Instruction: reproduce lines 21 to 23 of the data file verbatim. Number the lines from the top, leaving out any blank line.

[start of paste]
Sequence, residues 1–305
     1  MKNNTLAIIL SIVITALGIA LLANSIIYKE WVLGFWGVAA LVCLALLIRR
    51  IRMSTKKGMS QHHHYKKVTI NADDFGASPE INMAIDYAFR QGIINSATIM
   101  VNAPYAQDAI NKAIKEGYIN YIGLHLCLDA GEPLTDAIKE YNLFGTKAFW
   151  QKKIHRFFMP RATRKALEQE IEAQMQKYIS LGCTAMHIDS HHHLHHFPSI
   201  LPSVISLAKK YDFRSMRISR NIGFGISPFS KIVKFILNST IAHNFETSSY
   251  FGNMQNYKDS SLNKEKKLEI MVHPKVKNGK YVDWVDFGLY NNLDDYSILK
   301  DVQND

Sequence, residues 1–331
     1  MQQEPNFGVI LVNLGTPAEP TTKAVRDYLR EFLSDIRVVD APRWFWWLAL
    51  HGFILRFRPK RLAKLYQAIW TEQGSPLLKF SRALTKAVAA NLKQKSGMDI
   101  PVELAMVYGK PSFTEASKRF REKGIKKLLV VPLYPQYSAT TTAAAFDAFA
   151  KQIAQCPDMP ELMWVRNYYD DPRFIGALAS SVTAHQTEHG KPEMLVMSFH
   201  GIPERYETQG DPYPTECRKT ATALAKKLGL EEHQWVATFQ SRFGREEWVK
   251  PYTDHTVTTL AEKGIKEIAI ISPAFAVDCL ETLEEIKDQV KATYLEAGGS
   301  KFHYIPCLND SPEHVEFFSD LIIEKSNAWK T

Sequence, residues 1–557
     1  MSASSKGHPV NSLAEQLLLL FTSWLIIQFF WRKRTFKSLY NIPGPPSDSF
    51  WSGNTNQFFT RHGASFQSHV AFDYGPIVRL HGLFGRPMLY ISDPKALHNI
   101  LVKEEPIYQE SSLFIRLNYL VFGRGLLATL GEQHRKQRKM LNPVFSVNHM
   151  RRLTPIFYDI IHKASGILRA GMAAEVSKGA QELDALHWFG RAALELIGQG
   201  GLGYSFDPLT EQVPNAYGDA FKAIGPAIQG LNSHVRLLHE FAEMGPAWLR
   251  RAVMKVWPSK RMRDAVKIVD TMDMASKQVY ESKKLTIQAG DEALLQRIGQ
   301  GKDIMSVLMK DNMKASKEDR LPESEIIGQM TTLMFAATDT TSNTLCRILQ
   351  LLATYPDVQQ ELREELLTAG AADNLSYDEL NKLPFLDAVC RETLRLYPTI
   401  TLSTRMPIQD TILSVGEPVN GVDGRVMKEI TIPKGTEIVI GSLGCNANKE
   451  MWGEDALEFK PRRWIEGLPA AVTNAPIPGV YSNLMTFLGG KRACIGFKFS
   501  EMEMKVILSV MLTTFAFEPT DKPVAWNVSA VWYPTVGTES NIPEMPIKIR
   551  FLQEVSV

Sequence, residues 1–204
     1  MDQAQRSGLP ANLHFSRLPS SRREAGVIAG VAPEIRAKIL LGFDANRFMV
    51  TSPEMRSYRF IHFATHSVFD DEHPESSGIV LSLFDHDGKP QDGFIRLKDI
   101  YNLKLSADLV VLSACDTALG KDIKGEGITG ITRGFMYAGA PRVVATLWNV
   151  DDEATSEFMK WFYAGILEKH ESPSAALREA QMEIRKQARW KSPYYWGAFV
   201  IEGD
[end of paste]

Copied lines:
   151  RRLTPIFYDI IHKASGILRA GMAAEVSKGA QELDALHWFG RAALELIGQG
   201  GLGYSFDPLT EQVPNAYGDA FKAIGPAIQG LNSHVRLLHE FAEMGPAWLR
   251  RAVMKVWPSK RMRDAVKIVD TMDMASKQVY ESKKLTIQAG DEALLQRIGQ